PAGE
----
MCFADDEN v. COLVIN, No. 2:2016cv01007 - Document 12 (W.D. Pa. 2017)

Court Description: SOCIAL SECURITY APPEAL ORDER denying 8 Plaintiff's Motion for Summary Judgment; granting 10 Defendant's Motion for Summary Judgment. Signed by Judge Donetta W. Ambrose on 3/21/17. (cha)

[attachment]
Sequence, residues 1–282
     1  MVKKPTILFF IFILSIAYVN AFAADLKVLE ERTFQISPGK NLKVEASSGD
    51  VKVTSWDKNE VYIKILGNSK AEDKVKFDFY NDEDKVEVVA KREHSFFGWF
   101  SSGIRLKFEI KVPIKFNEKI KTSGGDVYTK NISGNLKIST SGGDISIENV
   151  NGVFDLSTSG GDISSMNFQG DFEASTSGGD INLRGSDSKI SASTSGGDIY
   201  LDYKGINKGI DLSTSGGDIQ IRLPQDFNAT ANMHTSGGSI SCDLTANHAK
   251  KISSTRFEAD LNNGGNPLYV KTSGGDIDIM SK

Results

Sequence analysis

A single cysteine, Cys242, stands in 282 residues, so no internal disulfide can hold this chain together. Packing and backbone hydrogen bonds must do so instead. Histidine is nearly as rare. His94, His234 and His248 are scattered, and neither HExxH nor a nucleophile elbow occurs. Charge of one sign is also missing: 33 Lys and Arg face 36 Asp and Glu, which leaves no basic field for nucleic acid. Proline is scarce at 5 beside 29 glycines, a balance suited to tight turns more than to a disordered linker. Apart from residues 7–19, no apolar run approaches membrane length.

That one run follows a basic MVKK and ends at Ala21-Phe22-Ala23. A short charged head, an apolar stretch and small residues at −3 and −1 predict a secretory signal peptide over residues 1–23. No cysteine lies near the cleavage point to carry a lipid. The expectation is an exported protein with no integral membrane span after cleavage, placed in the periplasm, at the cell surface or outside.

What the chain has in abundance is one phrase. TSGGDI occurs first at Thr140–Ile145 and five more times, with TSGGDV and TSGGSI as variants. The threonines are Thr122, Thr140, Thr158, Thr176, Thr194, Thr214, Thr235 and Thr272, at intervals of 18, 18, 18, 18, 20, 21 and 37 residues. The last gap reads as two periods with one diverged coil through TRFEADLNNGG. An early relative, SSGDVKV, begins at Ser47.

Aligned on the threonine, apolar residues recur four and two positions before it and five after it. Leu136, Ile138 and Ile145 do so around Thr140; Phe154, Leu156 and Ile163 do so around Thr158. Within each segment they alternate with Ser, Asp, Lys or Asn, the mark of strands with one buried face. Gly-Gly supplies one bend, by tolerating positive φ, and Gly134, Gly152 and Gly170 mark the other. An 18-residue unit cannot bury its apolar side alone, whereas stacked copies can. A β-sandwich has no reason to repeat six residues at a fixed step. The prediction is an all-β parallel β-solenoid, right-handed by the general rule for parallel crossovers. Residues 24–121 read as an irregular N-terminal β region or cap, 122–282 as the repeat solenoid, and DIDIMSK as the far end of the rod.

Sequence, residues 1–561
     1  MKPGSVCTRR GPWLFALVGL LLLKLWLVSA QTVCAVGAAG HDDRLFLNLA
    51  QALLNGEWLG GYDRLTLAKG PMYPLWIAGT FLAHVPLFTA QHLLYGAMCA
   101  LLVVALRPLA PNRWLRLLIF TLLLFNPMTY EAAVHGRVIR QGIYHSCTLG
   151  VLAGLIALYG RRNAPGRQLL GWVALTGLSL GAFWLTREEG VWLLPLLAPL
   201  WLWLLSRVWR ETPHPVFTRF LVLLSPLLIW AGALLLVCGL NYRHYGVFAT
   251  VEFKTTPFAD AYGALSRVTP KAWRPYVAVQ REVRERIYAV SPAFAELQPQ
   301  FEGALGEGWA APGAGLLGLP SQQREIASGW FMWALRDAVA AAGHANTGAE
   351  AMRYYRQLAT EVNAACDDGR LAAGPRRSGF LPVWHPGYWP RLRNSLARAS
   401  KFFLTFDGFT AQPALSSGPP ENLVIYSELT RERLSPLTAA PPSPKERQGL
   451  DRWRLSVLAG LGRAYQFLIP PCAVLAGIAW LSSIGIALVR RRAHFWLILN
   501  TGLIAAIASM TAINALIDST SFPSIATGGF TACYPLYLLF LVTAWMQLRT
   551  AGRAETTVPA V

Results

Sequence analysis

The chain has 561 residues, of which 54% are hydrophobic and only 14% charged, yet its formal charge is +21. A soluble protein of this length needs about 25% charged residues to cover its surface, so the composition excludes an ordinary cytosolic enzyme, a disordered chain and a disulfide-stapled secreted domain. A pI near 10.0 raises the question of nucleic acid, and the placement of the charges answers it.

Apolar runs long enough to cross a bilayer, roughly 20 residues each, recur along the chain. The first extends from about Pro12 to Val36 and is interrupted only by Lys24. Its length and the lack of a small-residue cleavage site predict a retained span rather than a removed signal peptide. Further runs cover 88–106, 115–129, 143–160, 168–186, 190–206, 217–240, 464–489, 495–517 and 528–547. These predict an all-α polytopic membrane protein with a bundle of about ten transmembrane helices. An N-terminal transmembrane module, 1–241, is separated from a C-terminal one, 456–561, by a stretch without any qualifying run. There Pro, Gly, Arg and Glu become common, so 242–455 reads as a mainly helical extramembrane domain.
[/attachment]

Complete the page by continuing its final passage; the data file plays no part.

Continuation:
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IN THE UNITED STATES DISTRICT COURT FOR THE WESTERN DISTRICT OF PENNSYLVANIA JASON MCFADDEN, ) ) ) ) ) ) ) ) ) ) ) Plaintiff, -vsNANCY A. BERRYHILL,1 ACTING COMMISSIONER OF SOCIAL SECURITY, Defendant. Civil Action No. 16-1007 AMBROSE, Senior District Judge. OPINION AND ORDER Synopsis Plaintiff Jason McFadden (“McFadden”) brings this action seeking judicial review of the ALJ’s decision denying a claim for disability insurance benefits (“DIB”) and supplemental security income (“SSI”). McFadden filed applications in March of 2013 alleging both physical and mental impairments with an onset date in January of 2012. (R. 47) He appeared and testified at a December 8, 2014 hearing, as did a vocational expert. (R. 47) The ALJ denied McFadden’s claim, finding him capable of medium level work with certain restrictions. (R. 55) McFadden has appealed and challenges the ALJ’s decision in several respects. Pending are Cross Motions for Summary Judgment. Docket no. 8 and Docket no. 10. After careful consideration, I find McFadden’s arguments to be unpersuasive. Consequently, the ALJ’s decision is affirmed. Legal Analysis 1 Nancy A. Berryhill because acting Commissioner of Social Security on January 23, 2017, replacing Carolyn W. Colvin. 1 1. Standard of Review The standard of review in social security cases is whether substantial evidence exists in the record to support the Commissioner=s decision. Allen v. Bowen, 881 F.2d 37, 39 (3d Cir. 1989). Substantial evidence has been defined as Amore than a mere scintilla. It means such relevant evidence as a reasonable mind might accept as adequate.@ Ventura v. Shalala, 55 F.3d 900, 901 (3d Cir. 1995), quoting Richardson v. Perales, 402 U.S. 389, 401 (1971). Determining whether substantial evidence exists is “not merely a quantitative exercise.” Gilliland v. Heckler, 786 F.2d 178, 183 (3d Cir. 1986) (citing Kent v. Schweiker, 710 F.2d 110, 114 (3d Cir. 1983)). “A single piece of evidence will not satisfy the substantiality test if the secretary ignores, or fails to resolve, a conflict created by countervailing evidence. Nor is evidence substantial if it is overwhelmed by other evidence – particularly certain types of evidence (e.g., that offered by treating physicians).” Id. The Commissioner=s findings of fact, if supported by substantial evidence, are conclusive. 42 U.S.C. '405(g); Dobrowolsky v. Califano, 606 F.2d 403, 406 (3d Cir. 1979). A district court cannot conduct a de novo review of the Commissioner=s decision or re-weigh the evidence of record. Palmer v. Apfel, 995 F.Supp. 549, 552 (E.D. Pa. 1998). Where the ALJ's findings of fact are supported by substantial evidence, a court is bound by those findings, even if the court would have decided the factual inquiry differently. Hartranft v. Apfel, 181 F.3d 358, 360 (3d Cir. 1999). To determine whether a finding is supported by substantial evidence, however, the district court must review the record as a whole. See, 5 U.S.C. '706. 2. Credibility 2 McFadden faults the ALJ for violating the applicable regulations by presuming him to be “less credible simply because he was a drug addict.” See ECF docket no. 9, p. 9. McFadden cites to SSR 13-2p which provides guidance in evaluating cases involving drug addiction and alcoholism (“DAA”). See 13-2p, 3013 WL 621536 (2013). Yet other than a passing reference to the case law, McFadden’s argument is wholly undeveloped. Analysis of this issue requires the application of law to fact. McFadden has fallen short in this regard. Bare conclusory assertions are not enough to merit consideration. See Pennsylvania v. U.S. Dept. of Health and Human Services, 101 F.3d 939, 945 (3d Cir. 1996) (stating that conclusory assertions are not enough and that arguments presented in such a fashion are waived). Nevertheless, even if I was to consider McFadden’s argument on the merits, I would find that the ALJ’s decision is supported by substantial evidence of record and is in accordance with the applicable case law and regulations. It is well-established that the ALJ is charged with the responsibility of determining a claimant’s credibility. Baerga v. Richardson, 500 F.3d 309, 312 (3d Cir. 1974). “The ALJ’s decision ‘must contain specific reasons for the finding on credibility, supported by the evidence in the case record, and must be sufficiently specific to make clear to the individual and to any subsequent reviewers the weight the adjudicators gave to the individual’s statements and the reason for that weight. S.S.R. 96-7p.’” Grissinger v. Colvin, Civ. No. 15-202, 2016 WL 5919937 at * 2 (W.D. Pa. Oct. 11, 2016). Generally an ALJ’s credibility assessment is entitled to great deference. Zirnsak v. Colvin, 777 F.3d 607, 612 (3d Cir. 2014); Reefer v. Barnhart, 326 F.3d 376, 380 (3d Cir. 2003). Here, the ALJ followed the appropriate two-step process when assessing pain. First she assessed whether 3 McFadden had “an underlying medically determinable physical or mental impairment(s) … that could reasonably be expected to produce the claimant’s alleged pain or underlying symptoms.” (R. 55) Second, she evaluated “the intensity, persistence, and limiting effects of the claimant’s symptoms to determine the extent to which they limit the claimant’s ability to do basic work activities.” (R. 55) The ALJ found that although the impairments could reasonably be expected to produce some of the symptoms he alleged, “the claimant’s December 2014 hearing testimony and other attributed assertions of record concerning the intensity, persistence and limiting effects of such impairment-related symptoms are … found to be only partially credible.” (R. 56) After a review of the record, I find that the ALJ followed the proper method in assessing McFadden’s credibility. (R. 55-56) Moreover, I find that the ALJ’s determination is sufficient such that I can make a proper and meaningful review. Finally, I find that the ALJ’s opinion is supported by substantial evidence of record. (R. 55-56) Therefore, I find no error in this regard and remand is not warranted. 3. Step 3 - Listings McFadden also contends that the ALJ erred at third step of the sequential analysis. In Step 3 of the analysis set forth above, the ALJ must determine the if the claimant’s impairment(s) meets or is equal to one of the impairments listed in 20 C.F.R. Pt. 404, Subpt. P, Appx. 1. Jesurum v. Sec. of Health and Human Serv., 48 F.3d 114, 117 (3d Cir. 1995). According to McFadden, he satisfies the requirements of Listing 4 12.05C and, as such, is disabled. See ECF docket no. 9, p. 11-20.2 Listing 12.05C provides, in relevant part: Intellectual disability refers to significantly subaverage general intellectual function with deficits in adaptive function initially manifested during the developmental period; i.e., the evidence demonstrates or supports onset of the impairment before age 22. The required level of severity for this disorder is met when the requirements in A, B, C, or D are satisfied. … C. A valid verbal, performance, or full scale IQ of 60 through 70 and a physical or other mental impairment imposing additional significant work-related limitation or function. 20 C.F.R. Pt. 404, Subpt. P, Appx. 1, § 12.05. 20 C.F.R. Pt. 404, Appx. 1, § 12.05. Here, the ALJ “entirely reject[ed] the contention advanced to the effect that the claimant has evidenced any condition that fully satisfies any relevant severity criteria of listing 12.05.” (R. 54) The ALJ acknowledged that intelligence testing done in August of 2010 resulted in a score which merited consideration under 12.05C, but stated that consideration of the entire record convinced her that McFadden failed to satisfy the standard. The ALJ explained, “[a]s a high school equivalency graduate, possessed of a driver’s license and a semi-skilled, full-time work history of more than 16 years, it is clear that the claimant [has] not evidenced such ‘significantly subaverage intellectual functioning initially manifested during the developmental period’ as is required by the threshold language of listing 12.05 in order to warrant further evaluation under any of its other provisions.” (R. 54) The ALJ’s reliance upon a high school equivalency degree, a steady job for over 17 years (particularly where testimony of record indicates that McFadden separated from employment not because of subaverage intellectual 2 A newly promulgated Listing 12.05 became effective in January of 2017 but it does not apply in this instance because the revisions were not in effect at the time the ALJ issued her decision. See Revised Medical Criteria for Evaluating Mental Disorders, 81 F.R. 66138-01, 2016 WL 5341732 (Sept. 26, 2016). 5 functioning but because of legal issues), and an expert’s opinion that the claimant was of “average intelligence”,3 is appropriate and constitutes substantial evidence of record, particularly given the absence of any evidence demonstrating that McFadden’s intellectual limitations manifested during the “developmental period.” McFadden offers very little in opposition to the ALJ’s conclusion in this regard. McFadden refers to school records, but those records do not reveal an IQ of 60-70 or placement in special education classes. In fact, they indicate that McFadden achieved C’s and B’s with regularity. (R. 308-313) McFadden also references Dr. Detore’s mental evaluation. Certainly Dr. Detore found McFadden to suffer from a learning disorder, but noted that “[i]t is difficult to ascertain not knowing his premorbid intellectual functioning but there may be some cognitive diminishment related to the claimant’s current interferon treatment and the long usage of opiates.” (R. 464) McFadden has not identified anywhere in the record where Dr. Detore opined that McFadden’s intellectual limitations manifested “during the developmental period,” as is required under the threshold language of § 12.05. McFadden’s reliance upon Dr. Groves’ testimony is also misplaced. Although Dr. Groves assessed McFadden as having an “extremely low” full scale IQ, she also noted that McFadden denied taking special education classes in school and that he worked at the same job for 17 years before quitting. (R. 468-473) Dr. Groves never suggests that McFadden displayed “significant subaverage intellectual functioning” initially manifested during the developmental period. Further, as the ALJ noted, Dr. Groves reported that McFadden’s opioid dependence was in “early full remission.” Yet he tested positive for cocaine and benzodiazepines in March of 2014 3 Dr. Brinkley, a psychiatrist, who treated McFadden estimated McFadden’s intelligence, on repeated occasions, to be average. (R. 819, 821, 823, 825, 827 6 “despite past drug test failures and related warnings.” (R. 54) Dr. Groves also noted that McFadden reported during a session that he was unable to work “due to pain and addiction,” rather than because of “intellectual challenges.”4 Thus, as the ALJ found, Dr. Groves’ “estimations appear based at least in part upon a questionable presumption of the claimant’s ongoing abstinence from substance abuse.” (R. 54) In short, McFadden has not persuaded me that the ALJ’s decision in this regard lacks substantial evidentiary support or is otherwise erroneous. Accordingly, remand is not appropriate.5 4 Other evidence of record suggests that McFadden was terminated from his job for missing funds. (R. 470) Because I find that the ALJ did not err with respect to the analysis at Step 3, and because I find no errors with respect to the ALJ’s credibility assessment, I need not address McFadden’s suggestion that the ALJ failed to perform a proper DAA analysis. 5 7 IN THE UNITED STATES DISTRICT COURT FOR THE WESTERN DISTRICT OF PENNSYLVANIA JASON MCFADDEN, ) ) ) ) ) ) ) ) ) ) ) Plaintiff, -vsNANCY A. BERRYHILL,6 ACTING COMMISSIONER OF SOCIAL SECURITY, Defendant. Civil Action No. 16-1007 AMBROSE, Senior District Judge. ORDER OF COURT Therefore, this 21st day of March, 2017, it is hereby ORDERED that Plaintiff’s Motion for Summary Judgment (Docket no. 8) is denied and Defendant’s Motion for Summary Judgment (Docket no. 10) is granted. BY THE COURT: /s/ Donetta W. Ambrose Donetta W. Ambrose United States Senior District Judge 6 Nancy A. Berryhill became acting Commissioner of Social Security on January 23, 2017. 8